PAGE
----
As an initial matter, although Dr. Harvey treated Ms. Muniz on numerous occasions and eventually performed the amputation of Ms. Muniz's leg, his status as Ms. Muniz's treating physician does not, in itself, immunize his testimony from Daubert. A treating physicians may testify as a lay witness about his first-hand observations and the decision he made during the course of treatment without being subject to Daubert analysis. See United States v. Henderson, 409 F.3d 1293, 1300 (11th Cir. 2005). However, "[o]nce the treating physician expresses an opinion unrelated to treatment which is based on scientific, technical, or other specialized knowledge, ' that witness is offering expert testimony for which the court must perform its essential gatekeeping function as required by Daubert. " Wilson v. Taser Intern., Inc., 303 F.Appx. 708, 712 (11th Cir. 2008) (emphasis in original) (citing U.S. v. Henderson, 409 F.3d 1293, 1300 (11th Cir. 2005).
In the present case, Dr. Harvey's opinion that Dr. Kamel's procedure caused Ms. Muniz's amputation was not needed to explain his decision making process, nor did it pertain to Ms. Muniz's treatment. As such, his opinion is subject to Daubert analysis. See Henderson, 409 F.3d at 1300; Wilson, 303 F.Appx. at 712-13 (holding that testimony regarding a treating physician's diagnosis of an injury would be permissible as lay testimony, but testimony about the cause of an injury was expert testimony subject to Daubert ). Indeed, Ms. Muniz concedes in her response to the United States' motion that Dr. Harvey's causation testimony is expert testimony subject to Daubert. However, she contends that Dr. Harvey's testimony is reliable under Daubert. This court disagrees.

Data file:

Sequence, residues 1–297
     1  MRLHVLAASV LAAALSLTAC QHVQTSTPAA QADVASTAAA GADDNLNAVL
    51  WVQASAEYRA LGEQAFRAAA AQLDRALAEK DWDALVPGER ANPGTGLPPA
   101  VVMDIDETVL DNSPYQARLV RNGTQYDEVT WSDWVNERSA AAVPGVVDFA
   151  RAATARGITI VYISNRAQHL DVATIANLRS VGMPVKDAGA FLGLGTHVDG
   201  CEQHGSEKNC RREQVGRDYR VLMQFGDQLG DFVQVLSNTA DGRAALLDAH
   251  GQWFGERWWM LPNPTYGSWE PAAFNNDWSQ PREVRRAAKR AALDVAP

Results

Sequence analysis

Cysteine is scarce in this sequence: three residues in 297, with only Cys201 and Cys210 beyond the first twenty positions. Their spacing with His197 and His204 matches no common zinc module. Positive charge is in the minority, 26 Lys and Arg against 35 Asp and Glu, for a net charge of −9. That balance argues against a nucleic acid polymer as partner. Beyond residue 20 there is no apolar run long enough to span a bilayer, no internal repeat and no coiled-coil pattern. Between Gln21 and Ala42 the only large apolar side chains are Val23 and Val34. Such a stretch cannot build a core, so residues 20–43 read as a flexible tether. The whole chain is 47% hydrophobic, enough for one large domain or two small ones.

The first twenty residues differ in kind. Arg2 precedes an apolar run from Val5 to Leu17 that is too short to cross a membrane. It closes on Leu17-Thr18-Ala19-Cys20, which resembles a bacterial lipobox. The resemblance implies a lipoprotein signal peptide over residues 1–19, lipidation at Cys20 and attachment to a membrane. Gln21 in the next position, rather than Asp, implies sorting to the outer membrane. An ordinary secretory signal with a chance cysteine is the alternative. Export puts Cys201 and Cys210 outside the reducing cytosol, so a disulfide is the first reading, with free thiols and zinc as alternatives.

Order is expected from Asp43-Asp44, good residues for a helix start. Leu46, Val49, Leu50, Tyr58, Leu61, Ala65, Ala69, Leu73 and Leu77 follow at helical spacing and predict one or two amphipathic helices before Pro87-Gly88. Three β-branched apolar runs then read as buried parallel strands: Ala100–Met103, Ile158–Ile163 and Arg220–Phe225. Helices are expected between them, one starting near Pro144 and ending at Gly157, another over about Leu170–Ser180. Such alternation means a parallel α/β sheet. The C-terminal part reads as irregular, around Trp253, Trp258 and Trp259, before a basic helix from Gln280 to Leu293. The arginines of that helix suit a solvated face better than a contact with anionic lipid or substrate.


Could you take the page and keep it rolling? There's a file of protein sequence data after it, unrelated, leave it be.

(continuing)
The basis and methodology for Dr. Harvey's opinion regarding the cause of Ms. Muniz's amputation is inherently unreliable. Dr. Harvey provided the following testimony regarding causation:
Q: And would the fact that she only began to become symptomatic after the 2009 procedure indicate to you, at least, that damage was done during that procedure which ultimately led to the amputation?